Guest Artist Series: Trineice Robinson-Martin

The “Friends of Music” presents Dr. Trineice Robinson-Martin, an accomplished performer, teacher, and scholar who has traveled and taught students from all over the world.

About Dr. Trineice Robinson-Martin

Dr. Trineice Robinson-Martin, creator of Soul Ingredients®, holds doctoral and master’s degrees from Teachers College Columbia University in music education with an emphasis in contemporary commercial music vocal pedagogy. In addition, Dr. Trineice holds master’s and bachelor degrees in jazz studies from Indiana University- Bloomington and San Jose State University, respectively, and is a certified instructor in the Somatic VoiceworkTM the Lovetri Method. Her published works are in the Journal of Singing; Teaching in the 21st Century Eds. Harrison & O’Bryan; and in the recently authored and upcoming publications of Voice Training for the Gospel Soloist, and So You Want to Sing Gospel, sponsored by the National Association of Teachers of Singing.

As an accomplished performer, teacher, and scholar, Dr. Robinson-Martin has traveled and taught students from all over the world and lectures nationally and internationally on a variety of Soul Ingredients® topics. Her performance experience spans a variety of musical styles, venues and settings: the intimacy of private parties and local clubs, the grand stages of musical arts centers and large music festivals, and international stages. She has performed with concert choirs and chorales, large and small jazz ensembles, Latin music ensembles, corporate bands, a POP orchestra, and R&B groups, including tours with international R&B recording group CHANGE and Standing in the Shadows of Motown Live.

Dr. Robinson-Martin currently teaches private voice lessons and is the director of the Princeton Jazz Vocal Collective Ensemble at Princeton University, and teaches private voice lessons at Rider University and in her private voice studio in New Jersey.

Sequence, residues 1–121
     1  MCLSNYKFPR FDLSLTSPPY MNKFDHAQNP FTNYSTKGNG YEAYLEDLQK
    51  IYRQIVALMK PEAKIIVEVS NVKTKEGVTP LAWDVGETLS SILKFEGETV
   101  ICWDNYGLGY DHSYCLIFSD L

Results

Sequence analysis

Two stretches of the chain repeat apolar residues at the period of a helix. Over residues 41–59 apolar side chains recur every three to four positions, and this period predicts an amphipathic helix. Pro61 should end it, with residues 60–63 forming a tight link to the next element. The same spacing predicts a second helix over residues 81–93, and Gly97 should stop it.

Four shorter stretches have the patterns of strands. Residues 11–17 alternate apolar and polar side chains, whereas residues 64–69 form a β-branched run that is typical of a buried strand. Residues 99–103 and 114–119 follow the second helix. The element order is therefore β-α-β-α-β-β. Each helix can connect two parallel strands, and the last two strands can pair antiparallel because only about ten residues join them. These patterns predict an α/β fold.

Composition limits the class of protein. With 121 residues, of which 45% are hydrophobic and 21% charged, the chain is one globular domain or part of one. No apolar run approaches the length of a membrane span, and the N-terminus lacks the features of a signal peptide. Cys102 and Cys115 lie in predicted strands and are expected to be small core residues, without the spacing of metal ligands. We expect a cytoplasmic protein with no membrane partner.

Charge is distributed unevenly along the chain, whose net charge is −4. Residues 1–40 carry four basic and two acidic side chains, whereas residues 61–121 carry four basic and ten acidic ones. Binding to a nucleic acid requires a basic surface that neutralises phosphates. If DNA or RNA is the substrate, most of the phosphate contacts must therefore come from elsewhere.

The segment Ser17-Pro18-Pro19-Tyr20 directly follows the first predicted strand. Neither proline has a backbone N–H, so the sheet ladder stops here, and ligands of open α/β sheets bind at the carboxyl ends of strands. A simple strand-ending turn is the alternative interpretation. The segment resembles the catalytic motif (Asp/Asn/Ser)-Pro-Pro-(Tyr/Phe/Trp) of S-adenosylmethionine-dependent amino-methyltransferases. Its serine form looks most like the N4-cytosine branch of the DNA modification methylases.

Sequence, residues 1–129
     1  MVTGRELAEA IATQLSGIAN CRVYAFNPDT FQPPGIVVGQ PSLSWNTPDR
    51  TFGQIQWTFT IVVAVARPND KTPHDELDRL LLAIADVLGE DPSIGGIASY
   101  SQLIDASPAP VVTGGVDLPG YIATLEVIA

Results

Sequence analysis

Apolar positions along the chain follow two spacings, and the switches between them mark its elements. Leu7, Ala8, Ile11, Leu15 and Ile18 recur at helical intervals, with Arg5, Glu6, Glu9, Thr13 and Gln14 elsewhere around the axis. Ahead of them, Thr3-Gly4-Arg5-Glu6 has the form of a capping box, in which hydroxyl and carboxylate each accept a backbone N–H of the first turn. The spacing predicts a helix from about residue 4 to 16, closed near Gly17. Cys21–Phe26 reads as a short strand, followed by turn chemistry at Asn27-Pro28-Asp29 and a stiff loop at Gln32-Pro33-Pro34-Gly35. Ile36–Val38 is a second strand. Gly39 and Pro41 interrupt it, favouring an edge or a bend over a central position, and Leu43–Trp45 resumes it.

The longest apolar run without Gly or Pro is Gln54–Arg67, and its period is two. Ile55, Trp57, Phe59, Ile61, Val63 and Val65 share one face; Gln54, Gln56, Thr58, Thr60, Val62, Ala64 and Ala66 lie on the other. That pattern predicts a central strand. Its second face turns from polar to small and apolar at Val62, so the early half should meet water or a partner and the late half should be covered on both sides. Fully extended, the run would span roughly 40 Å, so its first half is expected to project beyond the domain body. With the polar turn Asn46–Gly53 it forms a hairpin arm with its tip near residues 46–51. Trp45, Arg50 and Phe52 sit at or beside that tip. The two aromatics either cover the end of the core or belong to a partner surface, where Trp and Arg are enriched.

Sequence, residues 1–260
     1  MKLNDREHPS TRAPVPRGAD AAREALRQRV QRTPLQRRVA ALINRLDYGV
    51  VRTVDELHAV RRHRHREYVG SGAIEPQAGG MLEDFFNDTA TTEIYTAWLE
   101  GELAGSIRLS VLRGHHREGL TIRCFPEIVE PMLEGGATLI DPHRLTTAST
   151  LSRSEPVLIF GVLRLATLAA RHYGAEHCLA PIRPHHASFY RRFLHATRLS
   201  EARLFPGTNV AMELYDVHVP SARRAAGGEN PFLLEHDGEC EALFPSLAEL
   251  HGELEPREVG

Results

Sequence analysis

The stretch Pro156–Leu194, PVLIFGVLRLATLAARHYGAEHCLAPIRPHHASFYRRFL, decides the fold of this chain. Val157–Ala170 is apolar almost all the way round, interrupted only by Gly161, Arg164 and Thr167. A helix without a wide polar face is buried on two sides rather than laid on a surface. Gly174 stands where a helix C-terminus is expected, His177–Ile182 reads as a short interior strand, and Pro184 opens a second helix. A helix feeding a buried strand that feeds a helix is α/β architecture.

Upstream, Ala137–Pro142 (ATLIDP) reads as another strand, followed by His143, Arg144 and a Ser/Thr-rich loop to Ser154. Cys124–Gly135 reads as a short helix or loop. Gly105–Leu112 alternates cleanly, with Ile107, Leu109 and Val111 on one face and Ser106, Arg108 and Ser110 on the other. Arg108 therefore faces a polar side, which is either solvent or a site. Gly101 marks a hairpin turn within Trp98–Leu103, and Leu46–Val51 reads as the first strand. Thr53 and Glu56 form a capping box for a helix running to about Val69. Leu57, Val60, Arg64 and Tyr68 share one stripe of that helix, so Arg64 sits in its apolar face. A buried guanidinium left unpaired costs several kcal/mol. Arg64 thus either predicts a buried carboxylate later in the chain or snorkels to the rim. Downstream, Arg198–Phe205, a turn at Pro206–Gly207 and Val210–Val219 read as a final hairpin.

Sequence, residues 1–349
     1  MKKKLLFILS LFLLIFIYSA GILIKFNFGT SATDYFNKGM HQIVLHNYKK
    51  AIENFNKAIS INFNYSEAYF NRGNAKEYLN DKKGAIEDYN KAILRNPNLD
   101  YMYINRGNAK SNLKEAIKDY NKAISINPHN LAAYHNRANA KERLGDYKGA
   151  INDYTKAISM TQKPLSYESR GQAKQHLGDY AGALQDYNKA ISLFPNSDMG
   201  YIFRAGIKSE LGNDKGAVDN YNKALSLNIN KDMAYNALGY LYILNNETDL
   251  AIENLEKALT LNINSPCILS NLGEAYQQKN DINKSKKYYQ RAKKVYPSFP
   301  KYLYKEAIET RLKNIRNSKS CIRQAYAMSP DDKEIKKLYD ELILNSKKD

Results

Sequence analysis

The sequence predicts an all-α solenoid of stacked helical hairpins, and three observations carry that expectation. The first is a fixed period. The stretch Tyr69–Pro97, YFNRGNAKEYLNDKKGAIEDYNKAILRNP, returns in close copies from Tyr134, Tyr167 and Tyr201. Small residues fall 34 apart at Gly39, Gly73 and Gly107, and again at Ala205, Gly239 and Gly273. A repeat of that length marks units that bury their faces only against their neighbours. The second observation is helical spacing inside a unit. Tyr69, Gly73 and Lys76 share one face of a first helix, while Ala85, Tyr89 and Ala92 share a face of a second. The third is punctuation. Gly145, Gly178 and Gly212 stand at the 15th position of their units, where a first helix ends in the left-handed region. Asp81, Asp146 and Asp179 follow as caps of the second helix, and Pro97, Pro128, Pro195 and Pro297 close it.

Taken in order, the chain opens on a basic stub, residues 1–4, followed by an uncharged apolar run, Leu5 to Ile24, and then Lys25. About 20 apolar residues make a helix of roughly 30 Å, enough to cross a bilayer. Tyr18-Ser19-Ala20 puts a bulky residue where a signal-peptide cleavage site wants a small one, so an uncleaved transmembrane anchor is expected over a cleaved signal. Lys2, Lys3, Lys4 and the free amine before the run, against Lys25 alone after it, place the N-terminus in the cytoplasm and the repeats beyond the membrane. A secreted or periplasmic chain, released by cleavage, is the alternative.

Fayetteville’s African American Heroes

Two Fayetteville State University professors present a look at the lives of six African-American men of distinction: Isaac Hammond, Omar Ibn Said, Lewis Leary, Hiram Revels, Charles Chesnutt and Dr. Ezekiel Ezra Smith. Part of the library’s Black History Month celebration.

Black History in Fayetteville

Fred Whitted, author of the books Fayetteville: Profiled in Black and Fayetteville and Profiled in Black – Volume Two, takes a look at Fayetteville’s key communities and discover little-known black history facts. Bordeaux Branch, Cumberland County Public Library and Information Center. Take a look at Fayetteville’s key communities and discover little-known black history facts, including looking at people who have made a difference in the state, national and international arenas.

Additional Info:

Adults and teens are welcome.

Registration is recommended.

Mr. Whitted’s books can be purchased at www.blackheritagereview.com; books can be signed at the program’s conclusion.

Bordeaux Branch

The Color of Courage

The original play, The Color of Courage, will be performed by Mitch Capel and Sonny Kelly at the Arts Council of Fayetteville/Cumberland County.

Tour the Cumberland County African-American Heritage Trail

The Cumberland County’s African-American Heritage Trail provides a historical glimpse into the lives of African-Americans who resided in Cumberland County from the Revolutionary War era through the early 20th century.

www.VisitFayettevilleNC.com/culturalheritagetrails